Rosanna made haste to cleanse her skin and put on her flashy, cheap gown. She ornamented herself with gaudy jewels and sprayed herself liberally with the perfumes so associated with her occupation. She took herself down a set of lean, wood stairs to the main foyer of the pleasure house. There she smiled at the mingling men and pretended to greatly enjoy their attentions.
Since the war, if it could be called that, had commenced, and especially after the British had taken New York on September fifteen, near half of her clients had changed from merchants, Continental militia, and stupid, young engaged men, to British soldiers longing for their sweethearts three thousand miles across the sea.
She had, at first, been intimidated at their disciplined figures in such splendid uniforms, each soldier clasping a musket. The officers toted swords sheathed against their hips. The more rugged members wore tall black boots they kept shining smooth, or various black, thigh-high garters, while the officers of a more attentive nature to the preferences of etiquette wore white, silk stockings and buckled shoes. The highest-ranking officers sometimes encrusted their golden buckles with gemstones. All of them were well-outfitted with crisp hats and gloves to match and smartly-tied tails, by aid of red bows, at the ends of their regimental coats. Long white or black ribbons queued their waving hair back in low pigtails. Many were young. She would have estimated no older than twenty-five. Their speech was sweet and delicate, their expressions attentive and well-mannered.
But it had all been pretense, just like Rosanna fanning herself and fluttering her eyes at yet another beautiful British soldier who tilted his hat at her. It was part of the game, the make believe, the fun. If she played it well enough, she could catch yet another and grab one more fist full of gold from his pocketbook.
Among the youthful soldiers and gossiping, pot-bellied Tories, Rosanna's eye caught the profile of a young man in a conservative brown coat and gray, cotton stockings. He wore ankle-high hunting boots, covered from feet to knees by black, leather garters. In his fist, he tightly clutched a pair of gloves. Though his tones of expression and gait were humble, the suit itself was well-tailored and of fine material. No doubt, he was the son of some variety of successful merchant.
She wove around the chattering men, determined to win the man for herself, though uncertain of why she wanted him so badly. There must have been something to his slender, slightly chiseled face, firm cheekbones, or carefully-clubbed, nearly black hair that exalted him above the others.
Rosanna sashayed in her wide gown, quite hastily fanning herself. She was upon him before he noticed, as he seemed quite distracted. When she slid her hand over his, he nearly jumped.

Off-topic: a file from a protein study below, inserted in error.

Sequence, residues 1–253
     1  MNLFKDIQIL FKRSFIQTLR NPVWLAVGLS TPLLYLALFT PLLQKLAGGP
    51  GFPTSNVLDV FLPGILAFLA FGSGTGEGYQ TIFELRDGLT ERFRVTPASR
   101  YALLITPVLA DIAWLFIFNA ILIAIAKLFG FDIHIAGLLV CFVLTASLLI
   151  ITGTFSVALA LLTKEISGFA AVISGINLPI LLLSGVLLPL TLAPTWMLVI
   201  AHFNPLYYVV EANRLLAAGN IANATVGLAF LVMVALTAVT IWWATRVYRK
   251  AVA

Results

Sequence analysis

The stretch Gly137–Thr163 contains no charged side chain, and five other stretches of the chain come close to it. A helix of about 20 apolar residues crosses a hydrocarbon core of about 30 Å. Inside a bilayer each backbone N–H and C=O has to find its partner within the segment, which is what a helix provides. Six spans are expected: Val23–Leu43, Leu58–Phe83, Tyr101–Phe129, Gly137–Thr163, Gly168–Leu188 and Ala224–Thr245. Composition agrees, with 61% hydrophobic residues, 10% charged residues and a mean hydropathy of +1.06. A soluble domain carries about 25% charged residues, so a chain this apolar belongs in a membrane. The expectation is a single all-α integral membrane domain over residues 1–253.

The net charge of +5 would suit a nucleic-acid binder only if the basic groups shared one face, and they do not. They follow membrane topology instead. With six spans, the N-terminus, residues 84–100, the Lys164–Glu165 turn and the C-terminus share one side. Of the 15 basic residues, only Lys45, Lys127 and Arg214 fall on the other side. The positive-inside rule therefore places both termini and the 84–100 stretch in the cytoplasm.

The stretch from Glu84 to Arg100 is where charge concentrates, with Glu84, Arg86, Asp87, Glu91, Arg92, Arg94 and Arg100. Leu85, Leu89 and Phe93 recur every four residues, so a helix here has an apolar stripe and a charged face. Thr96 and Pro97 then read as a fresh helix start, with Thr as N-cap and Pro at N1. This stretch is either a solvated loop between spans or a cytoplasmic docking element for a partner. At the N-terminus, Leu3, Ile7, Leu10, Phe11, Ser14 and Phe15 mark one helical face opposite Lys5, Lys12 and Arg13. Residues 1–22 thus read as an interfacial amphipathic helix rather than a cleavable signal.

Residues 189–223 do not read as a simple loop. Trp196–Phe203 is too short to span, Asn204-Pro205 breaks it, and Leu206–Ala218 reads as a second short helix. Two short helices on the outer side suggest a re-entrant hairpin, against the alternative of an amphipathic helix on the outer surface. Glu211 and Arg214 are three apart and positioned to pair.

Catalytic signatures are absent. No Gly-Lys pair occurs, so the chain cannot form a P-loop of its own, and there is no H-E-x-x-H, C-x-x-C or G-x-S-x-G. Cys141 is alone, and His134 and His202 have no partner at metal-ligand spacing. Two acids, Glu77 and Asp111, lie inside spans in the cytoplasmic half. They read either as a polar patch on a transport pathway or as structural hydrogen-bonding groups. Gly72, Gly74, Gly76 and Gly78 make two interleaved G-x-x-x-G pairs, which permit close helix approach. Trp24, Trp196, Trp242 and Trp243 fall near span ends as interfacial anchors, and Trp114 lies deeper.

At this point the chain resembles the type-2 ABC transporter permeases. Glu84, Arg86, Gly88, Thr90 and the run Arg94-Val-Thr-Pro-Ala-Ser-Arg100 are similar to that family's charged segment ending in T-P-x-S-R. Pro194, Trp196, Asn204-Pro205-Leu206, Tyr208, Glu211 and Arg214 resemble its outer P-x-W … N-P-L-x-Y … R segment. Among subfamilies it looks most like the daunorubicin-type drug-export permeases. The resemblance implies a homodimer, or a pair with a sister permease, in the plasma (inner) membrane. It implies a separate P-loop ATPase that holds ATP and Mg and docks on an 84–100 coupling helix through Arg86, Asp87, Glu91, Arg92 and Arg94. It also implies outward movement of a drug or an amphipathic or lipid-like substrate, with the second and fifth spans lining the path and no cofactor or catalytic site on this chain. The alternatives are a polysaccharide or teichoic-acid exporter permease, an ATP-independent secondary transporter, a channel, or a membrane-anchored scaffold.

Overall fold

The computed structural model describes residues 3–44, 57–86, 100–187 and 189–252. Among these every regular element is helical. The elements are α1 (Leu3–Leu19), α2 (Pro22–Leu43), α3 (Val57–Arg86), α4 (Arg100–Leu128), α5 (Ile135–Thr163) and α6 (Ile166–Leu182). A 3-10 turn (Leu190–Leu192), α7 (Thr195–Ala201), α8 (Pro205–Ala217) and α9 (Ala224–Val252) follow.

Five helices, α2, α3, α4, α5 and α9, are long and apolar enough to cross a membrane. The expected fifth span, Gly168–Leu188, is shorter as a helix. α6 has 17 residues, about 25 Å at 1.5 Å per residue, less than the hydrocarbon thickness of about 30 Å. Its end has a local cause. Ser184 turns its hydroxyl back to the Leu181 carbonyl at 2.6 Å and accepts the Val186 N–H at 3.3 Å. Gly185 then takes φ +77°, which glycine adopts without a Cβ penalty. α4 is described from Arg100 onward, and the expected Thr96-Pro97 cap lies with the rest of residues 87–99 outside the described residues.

"Why, you are quite the nerves this night, my fine man," she smoothly said.
The young man darted her a lowered flash of his eyes and removed her hand quite suddenly, daring to border on rudeness. "Please, miss," he seemed to sigh. "Avert your worthy attentions elsewhere. I am not here for pleasures, but am awaiting a colleague for business."
"Do tell, where is this important colleague of yours?" She moved about him to his front, snapping her fan shut.
The young man swallowed, revealing to Rosanna the intricacies of his awkward situation. Leaning forward, she lowered her voice, "Ah, is your colleague indisposed with a lady up in the chamber? He forgot about his errand with you, yes? Perhaps you should revenge yourself of him and come upstairs with me."
She felt dead in soul to say such things, and with such outward ease. To her surprise, instead of turning to engage in teasing and verbal foreplay, the man abruptly caught her offending hand, which she was raising to run across his face.
His jaw clenched. For some seconds, he could not speak, just squeeze her hand a bit harshly, studying the smoothness of her fingers, the near perfect filing of her nails. His eyes narrowed, he seeming uncertain of her for some seconds. When he spoke, it was in a very low, intolerable tone, "Madam, I suggest you seek other employment before your youth and bloom is wasted upon such undeserving dogs. Surely, and I do not think I am at fault to assume this, you were not brought up within such halls as these. Minute details of your speech, your gait, remind me more of a woman of breeding. But that is not the point. A hot-blooded human as you has far more to offer the world than your current occupation."
Rosanna realized she was digging her nails into his palm and, embarrassed and upset, made to wrench their hands apart.